STEVENSVILLE — Legislators from District 36 and District 37A serving Dorchester, Talbot, Queen Anne’s and Caroline counties joined local recreation and parks department directors and the Maryland Recreation & Parks Association on Dec. 3 to support and celebrate the legacy of Program Open Space.

The support from these local government leaders and advocates came from four distinctly different public park facilities in various stages of development and active public use: the future Cannery Park and rail trail in Cambridge, the Frederick Douglas Park on the Tuckahoe in Talbot County, the Cross Island Trail and Terrapin Park on Kent Island and the Goldsboro Community Park in Caroline County. Each of these facilities has been funded with Maryland Program Open Space grants.

Del. Steve Arentz, R-36-QA, said, “POS is one of the greatest tool in our basket to help our local counties. And we have been a huge benefactor in Queen Anne’s. Look at our trails, tennis courts and sport facilities!”

Steve Chandlee, Queen Anne’s County parks director, reported public use of the county parks has been significantly elevated during the pandemic response, requiring temporary increases in park ranger operations and maintenance activities to keep up with the public demand.

“Litter free parks, cleared trails and beautiful beachfront areas are what the public expects,” Chandlee said, “and POS is the capital funding resource we will use to install permanent restroom facilities and expanded parking at the Terrapin Park/Cross Island trail hub in 2021.”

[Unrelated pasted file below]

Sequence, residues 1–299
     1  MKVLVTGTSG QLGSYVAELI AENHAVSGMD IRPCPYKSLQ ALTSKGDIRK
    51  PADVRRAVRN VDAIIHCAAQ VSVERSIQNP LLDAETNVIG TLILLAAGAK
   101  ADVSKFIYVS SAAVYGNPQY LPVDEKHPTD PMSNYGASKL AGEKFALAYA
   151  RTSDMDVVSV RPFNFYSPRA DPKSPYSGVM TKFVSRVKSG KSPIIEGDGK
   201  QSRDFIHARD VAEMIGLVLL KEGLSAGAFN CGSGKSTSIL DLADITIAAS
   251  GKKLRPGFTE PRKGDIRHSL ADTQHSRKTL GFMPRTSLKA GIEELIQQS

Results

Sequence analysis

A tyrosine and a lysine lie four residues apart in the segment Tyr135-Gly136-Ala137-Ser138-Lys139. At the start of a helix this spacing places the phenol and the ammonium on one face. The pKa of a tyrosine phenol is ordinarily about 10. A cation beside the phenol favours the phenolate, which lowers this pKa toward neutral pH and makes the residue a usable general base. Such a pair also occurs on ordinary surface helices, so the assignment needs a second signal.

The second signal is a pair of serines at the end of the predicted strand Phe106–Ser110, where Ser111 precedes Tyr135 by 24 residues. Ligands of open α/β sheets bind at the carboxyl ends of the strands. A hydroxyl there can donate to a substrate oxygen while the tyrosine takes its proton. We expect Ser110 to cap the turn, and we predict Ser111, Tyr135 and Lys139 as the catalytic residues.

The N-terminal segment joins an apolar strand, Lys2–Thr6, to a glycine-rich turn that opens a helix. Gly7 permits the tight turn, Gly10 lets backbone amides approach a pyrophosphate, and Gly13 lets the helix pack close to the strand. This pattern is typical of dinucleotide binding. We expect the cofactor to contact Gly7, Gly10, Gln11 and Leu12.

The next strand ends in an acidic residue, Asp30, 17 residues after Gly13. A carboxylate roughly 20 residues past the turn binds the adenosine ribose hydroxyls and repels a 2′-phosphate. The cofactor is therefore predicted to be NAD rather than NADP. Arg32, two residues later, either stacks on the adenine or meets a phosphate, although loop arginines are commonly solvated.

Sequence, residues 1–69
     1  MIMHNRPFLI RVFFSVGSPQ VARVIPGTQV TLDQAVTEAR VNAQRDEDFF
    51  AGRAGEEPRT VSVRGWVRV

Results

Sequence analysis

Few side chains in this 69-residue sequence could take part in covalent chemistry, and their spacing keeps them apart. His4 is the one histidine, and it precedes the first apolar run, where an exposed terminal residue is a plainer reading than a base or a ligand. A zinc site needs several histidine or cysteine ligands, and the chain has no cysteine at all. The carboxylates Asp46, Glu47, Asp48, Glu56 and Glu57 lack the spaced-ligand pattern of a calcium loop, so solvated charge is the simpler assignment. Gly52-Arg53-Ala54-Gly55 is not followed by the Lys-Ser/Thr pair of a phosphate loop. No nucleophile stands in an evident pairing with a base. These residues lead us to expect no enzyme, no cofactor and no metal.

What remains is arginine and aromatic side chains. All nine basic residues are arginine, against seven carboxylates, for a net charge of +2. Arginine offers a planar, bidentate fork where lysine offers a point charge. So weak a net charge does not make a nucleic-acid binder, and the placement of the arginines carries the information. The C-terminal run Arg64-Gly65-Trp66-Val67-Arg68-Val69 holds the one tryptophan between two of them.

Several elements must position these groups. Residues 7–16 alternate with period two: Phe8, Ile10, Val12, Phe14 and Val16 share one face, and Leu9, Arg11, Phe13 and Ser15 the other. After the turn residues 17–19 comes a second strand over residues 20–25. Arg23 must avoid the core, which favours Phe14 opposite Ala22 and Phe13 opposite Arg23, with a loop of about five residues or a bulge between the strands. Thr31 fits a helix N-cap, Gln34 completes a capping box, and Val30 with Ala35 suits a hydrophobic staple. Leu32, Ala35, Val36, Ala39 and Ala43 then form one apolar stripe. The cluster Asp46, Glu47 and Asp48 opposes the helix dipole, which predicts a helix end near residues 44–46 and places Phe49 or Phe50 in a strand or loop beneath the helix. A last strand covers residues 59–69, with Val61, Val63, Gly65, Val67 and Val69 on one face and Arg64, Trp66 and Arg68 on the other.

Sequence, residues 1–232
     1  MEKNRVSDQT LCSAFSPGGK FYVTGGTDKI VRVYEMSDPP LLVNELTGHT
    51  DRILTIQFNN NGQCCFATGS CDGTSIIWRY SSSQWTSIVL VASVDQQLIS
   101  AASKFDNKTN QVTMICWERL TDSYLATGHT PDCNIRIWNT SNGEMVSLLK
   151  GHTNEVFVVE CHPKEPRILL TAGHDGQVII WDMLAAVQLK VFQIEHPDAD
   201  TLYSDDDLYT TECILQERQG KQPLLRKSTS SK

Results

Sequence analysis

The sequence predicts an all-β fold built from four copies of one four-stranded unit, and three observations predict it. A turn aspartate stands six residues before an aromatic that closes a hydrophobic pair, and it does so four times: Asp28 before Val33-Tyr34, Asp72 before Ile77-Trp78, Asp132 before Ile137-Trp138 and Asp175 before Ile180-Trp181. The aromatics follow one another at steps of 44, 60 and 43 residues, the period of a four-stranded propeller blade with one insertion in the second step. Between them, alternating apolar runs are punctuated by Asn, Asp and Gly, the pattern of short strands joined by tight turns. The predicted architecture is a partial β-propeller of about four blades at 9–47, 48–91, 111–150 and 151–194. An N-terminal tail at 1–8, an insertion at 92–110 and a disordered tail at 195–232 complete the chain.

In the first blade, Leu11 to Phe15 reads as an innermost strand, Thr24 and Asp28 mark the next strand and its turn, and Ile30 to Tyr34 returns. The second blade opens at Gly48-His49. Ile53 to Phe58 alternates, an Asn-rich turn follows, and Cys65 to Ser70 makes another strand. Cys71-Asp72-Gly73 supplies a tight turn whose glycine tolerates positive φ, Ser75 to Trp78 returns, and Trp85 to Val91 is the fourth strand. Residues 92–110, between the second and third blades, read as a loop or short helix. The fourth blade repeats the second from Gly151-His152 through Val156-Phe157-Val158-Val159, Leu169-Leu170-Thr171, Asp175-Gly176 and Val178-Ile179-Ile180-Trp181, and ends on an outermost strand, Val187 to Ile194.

Maryland Program Open Space is the funding wizard behind the public park development curtain. It has a 50-year legacy and is considered a conservation policy model throughout the country. When real estate property sells, one half of 1% of the value of that sale is taxed, and those revenues are dedicated at the state level for land conservation and/or public recreation projects.

“The public sees the playground and the basketball courts, and they love them,” said Del. Jeff Ghrist, R-36-Caroline, at the Goldsboro Community Park. “Our local elected officials in the town of Goldsboro and Caroline County know that without Program Open Space, small towns like this one could not afford to provide a park for people to gather and play.”

Caroline County Parks and Recreation Director Sue Simmons said, “I value and appreciate open spaces. Thanks to Project Open Space and the real estate transfer tax, we could renovate this park. Public use is through the roof because of COVID.”

Virginia Albers, Goldsboro’s town clerk, agreed and added, “On good weather days and the weekends, this place is packed … The kids are full on during the weekend — the tennis court, pickle ball. Since school is out for COVID, they use this park more. I have seen a couple of outdoor birthday parties.”

Maryland State Parks and county park systems across the state report significantly higher use levels. John Nissel, MRPA president and parks professional in Montgomery County, confirmed, “The pandemic response demonstrates just how valuable our parks and recreation systems are the health and wellbeing of our community across the state and country. Fortunately, we have been investing in these systems for years.”